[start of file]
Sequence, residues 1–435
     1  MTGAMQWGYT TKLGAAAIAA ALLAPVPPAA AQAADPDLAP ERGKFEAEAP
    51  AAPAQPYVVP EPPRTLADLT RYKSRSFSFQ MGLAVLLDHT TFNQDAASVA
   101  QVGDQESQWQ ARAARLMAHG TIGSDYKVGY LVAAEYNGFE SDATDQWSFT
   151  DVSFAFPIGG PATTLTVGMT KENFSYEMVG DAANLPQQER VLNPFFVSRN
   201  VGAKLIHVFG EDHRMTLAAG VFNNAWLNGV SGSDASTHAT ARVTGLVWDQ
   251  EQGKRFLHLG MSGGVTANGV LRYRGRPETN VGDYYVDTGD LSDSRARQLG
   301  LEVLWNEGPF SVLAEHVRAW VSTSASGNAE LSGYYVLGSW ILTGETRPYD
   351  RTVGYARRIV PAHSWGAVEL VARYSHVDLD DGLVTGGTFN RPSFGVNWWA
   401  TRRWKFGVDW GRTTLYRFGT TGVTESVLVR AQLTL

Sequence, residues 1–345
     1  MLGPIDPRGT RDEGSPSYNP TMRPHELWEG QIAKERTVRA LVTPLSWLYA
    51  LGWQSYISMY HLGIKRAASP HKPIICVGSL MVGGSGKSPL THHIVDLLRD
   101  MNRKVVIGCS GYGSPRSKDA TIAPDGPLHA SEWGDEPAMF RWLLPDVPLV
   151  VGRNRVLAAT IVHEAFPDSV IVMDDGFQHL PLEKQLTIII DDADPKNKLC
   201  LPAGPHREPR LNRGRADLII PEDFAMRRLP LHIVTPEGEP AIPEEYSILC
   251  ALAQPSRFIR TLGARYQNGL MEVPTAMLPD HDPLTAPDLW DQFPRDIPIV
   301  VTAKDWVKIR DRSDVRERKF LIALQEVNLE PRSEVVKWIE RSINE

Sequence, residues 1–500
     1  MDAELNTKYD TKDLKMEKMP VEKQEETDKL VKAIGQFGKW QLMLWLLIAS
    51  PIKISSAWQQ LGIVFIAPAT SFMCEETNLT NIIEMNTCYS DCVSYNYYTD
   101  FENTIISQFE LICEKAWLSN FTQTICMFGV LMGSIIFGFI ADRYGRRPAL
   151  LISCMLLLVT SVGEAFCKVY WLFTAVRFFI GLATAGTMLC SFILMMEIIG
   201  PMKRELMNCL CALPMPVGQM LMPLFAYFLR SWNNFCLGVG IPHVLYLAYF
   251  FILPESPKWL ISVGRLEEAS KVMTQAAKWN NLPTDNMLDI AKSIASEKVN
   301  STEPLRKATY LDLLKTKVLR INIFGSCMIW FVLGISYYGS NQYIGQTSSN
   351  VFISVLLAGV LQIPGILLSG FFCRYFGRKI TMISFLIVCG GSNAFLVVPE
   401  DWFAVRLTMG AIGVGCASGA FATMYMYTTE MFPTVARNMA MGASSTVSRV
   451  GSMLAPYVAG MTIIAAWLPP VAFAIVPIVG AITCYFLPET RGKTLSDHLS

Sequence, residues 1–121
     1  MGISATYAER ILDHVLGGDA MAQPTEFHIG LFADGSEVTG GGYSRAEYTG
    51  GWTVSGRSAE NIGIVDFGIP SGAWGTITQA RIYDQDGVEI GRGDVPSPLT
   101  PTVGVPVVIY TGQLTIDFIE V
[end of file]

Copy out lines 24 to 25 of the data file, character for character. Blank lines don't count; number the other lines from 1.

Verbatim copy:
   201  PMKRELMNCL CALPMPVGQM LMPLFAYFLR SWNNFCLGVG IPHVLYLAYF
   251  FILPESPKWL ISVGRLEEAS KVMTQAAKWN NLPTDNMLDI AKSIASEKVN